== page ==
I'm reasonably active, but mainly into biking, being quite tall, I find running is somewhat tough on my knees, and I'm just very slow. What I've found though is that a good walk is all I need to keep my fitness up, this week my bike has a broken spoke so I've been walking to work, 30mins in the morning, 30mins home in the afternoon. If it wasn't walking to work, I just make sure I go for a 30mins walk with the dog, and to be honest, this is all I need, so if you're ever worried about making that first step and going for a daunting run, just go for a walk, listen to a podcast, you'll enjoy it

eatmoregreenfood avatar

Mid 30s. Pretty fit comparatively, but I hired a personal trainer recently and it's been brutal in the best way. I love it

b00m avatar

Late 30s you really have to work for every little bit of exercise it seems. I love running and the high it gives me but just getting up and out the house takes the most effort


Yep, just getting started is the real workout

Helium avatar

Congrats! What a coincidence, I just got back into the gym today after a long absence. Being in shape is hella worth the effort!


I was really, really hoping to say "username checks out" here, but I can't.

I guess I'll have to wait a few hours...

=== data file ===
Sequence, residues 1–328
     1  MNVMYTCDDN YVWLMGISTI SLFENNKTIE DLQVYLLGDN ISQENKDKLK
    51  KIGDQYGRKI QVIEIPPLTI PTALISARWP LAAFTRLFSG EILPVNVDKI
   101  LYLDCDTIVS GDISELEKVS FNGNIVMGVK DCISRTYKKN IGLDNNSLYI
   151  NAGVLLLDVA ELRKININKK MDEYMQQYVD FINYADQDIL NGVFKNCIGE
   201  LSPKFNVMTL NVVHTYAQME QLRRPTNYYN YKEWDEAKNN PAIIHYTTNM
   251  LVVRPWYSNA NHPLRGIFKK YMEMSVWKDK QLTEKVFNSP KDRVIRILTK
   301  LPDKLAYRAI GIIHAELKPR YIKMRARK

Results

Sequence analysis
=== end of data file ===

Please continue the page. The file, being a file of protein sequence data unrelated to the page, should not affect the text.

Don't worry, I pooped before I left. xD

Skyler avatar

Congrats! Anything you can do to stay in shape is totally worth it.

Take it from this elder Millennial who is still playing DDR.


I never liked DDR. I have zero rhythm, and a game that makes me exhausted without being fun to play is just cruel haha

Pseu avatar

Heck yeah! Good job on getting out there. I've found that consistent exercise really helps with my mental health on top of my physical health. Even just a little bit every few days can go a long way for me.


I bought myself some rollerblades for exercise recently too! I used to skate to high school back in the day, so the muscle memory is still there, but I got hella winded from pushing myself too hard.

I'm loving the boa lacing system, which I'd never seen before. Being able to turn a dial to tighten all the laces at once is so convenient.


That sounds convenient. My rollerskates are like a regular boot and takes a few minutes haha.


Oh I absolutely hate skate-style laces. I can never seem to get them to the right tightness, especially in a cold rink.


I wear boots just about every day at work, so it's no bother for me.


During quarantine I finally started exercising again, ended up riding my bike every day for almost a full year. Lost a bunch of weight too.

The hardest part is building the habit. Don’t make excuses and set up a routine if you can. I also hate running and found that listening to podcasts really helps pass the time. I can zone out into the podcast, but still be aware enough not to get hit by cars.

Good work, keep it up!